The construction and collection of Negotiations and Love
Songs make Paul Simon's latest his lamest.
5. The title of this is ridiculous.
Negotiations and Love Songs ?
How's about "Wimpy Jewish Kid
From Forest Hills Who Wants To
Be Black Writes Some Pretty Good
Songs"? It's much more telling and
a whole lot less pretentious.
6. This album crams two discs
The Personal Column
MICHIGAN DAILY CLASSIFIED ADS
into one very flimsy and cheap
sleeve. Let's see some gatefold ac-
tion, and some nice heavy cardboard
instead of this piece-o-crap.
7. The vinyl itself is very thin
and weedy. While it sounds better
than the harshly "correct" compact
discs and useless casettes, I'd like to
have a heftier platter to heave
8. Nowhere on this album am I
thanked for my contributions to
Paul's art and career.
9. The cover photo of Paul in
Sam Spade type getup makes him
look goofier than Mike Dukakis in a
10. Go to number one...
Toots in Memphis
Toots will always be known as
one of the great voices of reggae.
He's a legend in Jamaica, where he
and his Maytals began popularizing
the island music and its
accompanying ganja culture more
than a quarter century ago.
His classics, "Pressure Drop,"
"Monkey Man," and "Reggae Got
Soul," are some of the most exciting
and successful reggae/soul fusions
The idea is that Toots got soul,
right? The idea is to fly him out to
Memphis, soul's hometown, where
he can belt out some of the standards
that have influenced his music for so
long. At first, he seems to have a
ball with them, his rocksteady take
on Eddie Floyd's "Knock on Wood,"
and the tricky hi-speed curves of (the
soul singer to which Toot's sweet
gravel is most frequently compared)
Otis Redding's "Hard to Handle," are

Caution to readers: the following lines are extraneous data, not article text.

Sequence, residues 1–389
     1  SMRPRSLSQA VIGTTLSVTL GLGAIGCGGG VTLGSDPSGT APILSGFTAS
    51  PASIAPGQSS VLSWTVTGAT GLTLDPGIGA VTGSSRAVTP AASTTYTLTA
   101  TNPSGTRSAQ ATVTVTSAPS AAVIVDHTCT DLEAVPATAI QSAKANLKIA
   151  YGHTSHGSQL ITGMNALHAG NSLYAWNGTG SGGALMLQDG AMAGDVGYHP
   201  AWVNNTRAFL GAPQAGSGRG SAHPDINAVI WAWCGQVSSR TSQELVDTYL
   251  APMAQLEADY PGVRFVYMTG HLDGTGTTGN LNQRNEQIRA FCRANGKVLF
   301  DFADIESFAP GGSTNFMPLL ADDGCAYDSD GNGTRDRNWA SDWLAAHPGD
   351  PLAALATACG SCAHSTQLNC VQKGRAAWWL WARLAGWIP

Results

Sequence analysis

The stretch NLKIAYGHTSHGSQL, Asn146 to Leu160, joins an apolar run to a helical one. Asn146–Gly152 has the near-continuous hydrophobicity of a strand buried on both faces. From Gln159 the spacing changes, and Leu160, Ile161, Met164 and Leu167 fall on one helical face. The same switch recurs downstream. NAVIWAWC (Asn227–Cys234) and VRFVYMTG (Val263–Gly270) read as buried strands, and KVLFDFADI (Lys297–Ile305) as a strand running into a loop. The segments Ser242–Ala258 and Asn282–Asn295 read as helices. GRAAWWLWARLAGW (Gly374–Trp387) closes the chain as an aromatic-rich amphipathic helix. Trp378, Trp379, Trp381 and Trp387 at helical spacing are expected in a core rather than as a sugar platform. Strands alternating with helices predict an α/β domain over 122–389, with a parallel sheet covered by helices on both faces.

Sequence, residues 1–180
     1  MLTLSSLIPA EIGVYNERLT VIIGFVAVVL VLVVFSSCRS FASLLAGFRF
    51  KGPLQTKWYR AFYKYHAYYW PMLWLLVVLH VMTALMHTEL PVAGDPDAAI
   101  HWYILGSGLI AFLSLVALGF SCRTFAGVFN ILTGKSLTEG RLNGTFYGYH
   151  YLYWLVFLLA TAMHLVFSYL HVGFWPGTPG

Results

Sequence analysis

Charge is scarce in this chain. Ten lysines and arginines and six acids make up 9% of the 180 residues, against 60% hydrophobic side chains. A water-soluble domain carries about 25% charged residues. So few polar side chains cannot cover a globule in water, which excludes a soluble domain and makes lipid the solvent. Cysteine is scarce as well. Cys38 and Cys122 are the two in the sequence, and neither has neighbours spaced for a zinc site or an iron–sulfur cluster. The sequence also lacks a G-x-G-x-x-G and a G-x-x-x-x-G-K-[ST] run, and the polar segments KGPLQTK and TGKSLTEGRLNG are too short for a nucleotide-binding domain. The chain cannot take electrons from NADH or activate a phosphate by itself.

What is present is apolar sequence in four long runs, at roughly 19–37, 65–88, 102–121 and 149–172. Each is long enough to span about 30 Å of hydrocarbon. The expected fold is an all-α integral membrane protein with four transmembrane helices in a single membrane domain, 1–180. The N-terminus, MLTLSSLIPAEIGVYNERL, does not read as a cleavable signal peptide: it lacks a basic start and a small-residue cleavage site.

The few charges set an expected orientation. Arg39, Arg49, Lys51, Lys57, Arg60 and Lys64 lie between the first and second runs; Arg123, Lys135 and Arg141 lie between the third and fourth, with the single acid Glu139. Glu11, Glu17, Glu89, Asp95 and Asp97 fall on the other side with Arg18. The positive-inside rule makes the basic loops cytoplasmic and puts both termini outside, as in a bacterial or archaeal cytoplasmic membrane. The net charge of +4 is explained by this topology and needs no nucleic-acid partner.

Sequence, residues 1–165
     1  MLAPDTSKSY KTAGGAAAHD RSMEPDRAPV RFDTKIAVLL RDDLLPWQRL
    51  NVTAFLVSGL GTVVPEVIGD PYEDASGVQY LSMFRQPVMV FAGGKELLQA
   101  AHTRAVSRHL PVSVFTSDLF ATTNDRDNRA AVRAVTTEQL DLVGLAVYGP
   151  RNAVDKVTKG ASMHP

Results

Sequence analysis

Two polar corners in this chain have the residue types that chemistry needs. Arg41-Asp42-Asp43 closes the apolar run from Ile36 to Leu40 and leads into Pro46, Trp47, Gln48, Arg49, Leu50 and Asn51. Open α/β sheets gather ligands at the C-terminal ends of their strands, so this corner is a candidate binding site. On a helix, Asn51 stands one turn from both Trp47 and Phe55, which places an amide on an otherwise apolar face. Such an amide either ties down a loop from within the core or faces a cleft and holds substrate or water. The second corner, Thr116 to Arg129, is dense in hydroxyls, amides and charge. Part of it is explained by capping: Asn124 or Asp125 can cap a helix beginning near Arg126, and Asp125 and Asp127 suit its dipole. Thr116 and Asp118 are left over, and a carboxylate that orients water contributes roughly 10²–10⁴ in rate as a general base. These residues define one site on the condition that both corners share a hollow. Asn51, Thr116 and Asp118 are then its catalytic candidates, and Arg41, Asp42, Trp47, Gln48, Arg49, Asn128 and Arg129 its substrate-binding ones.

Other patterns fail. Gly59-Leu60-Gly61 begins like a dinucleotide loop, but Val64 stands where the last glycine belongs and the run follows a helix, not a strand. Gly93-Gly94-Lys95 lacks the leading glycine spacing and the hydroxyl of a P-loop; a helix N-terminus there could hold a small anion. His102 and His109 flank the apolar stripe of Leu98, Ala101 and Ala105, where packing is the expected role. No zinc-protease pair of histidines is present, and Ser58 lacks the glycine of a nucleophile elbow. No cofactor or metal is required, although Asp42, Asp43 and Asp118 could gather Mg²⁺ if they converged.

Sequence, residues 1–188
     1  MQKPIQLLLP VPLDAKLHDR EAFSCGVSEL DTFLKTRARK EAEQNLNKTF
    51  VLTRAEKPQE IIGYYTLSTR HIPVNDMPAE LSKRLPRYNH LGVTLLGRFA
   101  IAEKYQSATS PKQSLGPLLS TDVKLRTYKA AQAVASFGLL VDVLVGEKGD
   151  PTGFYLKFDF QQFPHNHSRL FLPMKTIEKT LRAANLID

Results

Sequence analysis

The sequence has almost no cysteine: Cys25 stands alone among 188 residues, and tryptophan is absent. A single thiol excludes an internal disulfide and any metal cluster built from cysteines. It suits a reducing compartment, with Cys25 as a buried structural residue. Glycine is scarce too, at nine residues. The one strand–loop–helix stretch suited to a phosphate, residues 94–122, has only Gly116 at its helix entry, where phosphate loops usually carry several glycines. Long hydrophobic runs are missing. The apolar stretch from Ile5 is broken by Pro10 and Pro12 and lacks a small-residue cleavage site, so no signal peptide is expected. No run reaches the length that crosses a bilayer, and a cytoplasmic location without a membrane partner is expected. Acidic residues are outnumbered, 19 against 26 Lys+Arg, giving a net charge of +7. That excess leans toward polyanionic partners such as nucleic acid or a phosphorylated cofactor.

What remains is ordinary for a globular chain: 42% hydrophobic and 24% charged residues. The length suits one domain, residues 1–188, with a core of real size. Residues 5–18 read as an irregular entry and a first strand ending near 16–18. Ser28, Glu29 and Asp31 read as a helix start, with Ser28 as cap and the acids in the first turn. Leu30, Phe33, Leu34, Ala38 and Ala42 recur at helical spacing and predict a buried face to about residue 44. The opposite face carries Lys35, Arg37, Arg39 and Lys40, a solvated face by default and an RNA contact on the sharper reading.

rollicking blasts of Funky Kingston.
Unfortunately, even the best are
never so good as to rise above weak
material. The other tunes he has
selected are less famous, less
inspired readings, and one mediocre
original. Stodgy, unsoulful horn
arrangements drag down much of the
remainder of the album, and Toots'
own glee with these songs
sometimes dissolves inexplicably
into Vegas-like show biz sludge.
Even Sly and Robbie, reggae's Duke
and Earl of rhythm seem relatively
tame. A disappointment.
A soulful country-folk band with
a modern outlook, Chicago artists
Souled American seem seriously
dedicated to their country roots. They
flesh out their sparse arrangements
with traditional country instruments:
acoustic guitar, bass, harmonica,
drums, some electric guitar, and
occasionally lap steel guitar. The
loose playing never gets downright
sloppy and is the perfect
accompaniment to the raspy, raw
vocals and honest lyrics. "She Broke
My Heart," a straight forward
country lament with a standard topic,
and the humorous "Feel Better,'
with its cynical, self-effacing lyrics,
are great songs to be listened to over
and over. -Chuck Skarsaune
Bain & Company, Inc.
The University of Michigan
Classes of 1989 & 1990
to a presentation and reception on
Associate Consultant Career Opportunities
and Internships in
Corporate Strategy Consulting
" San Francisco
The Michigan Union-Anderson Room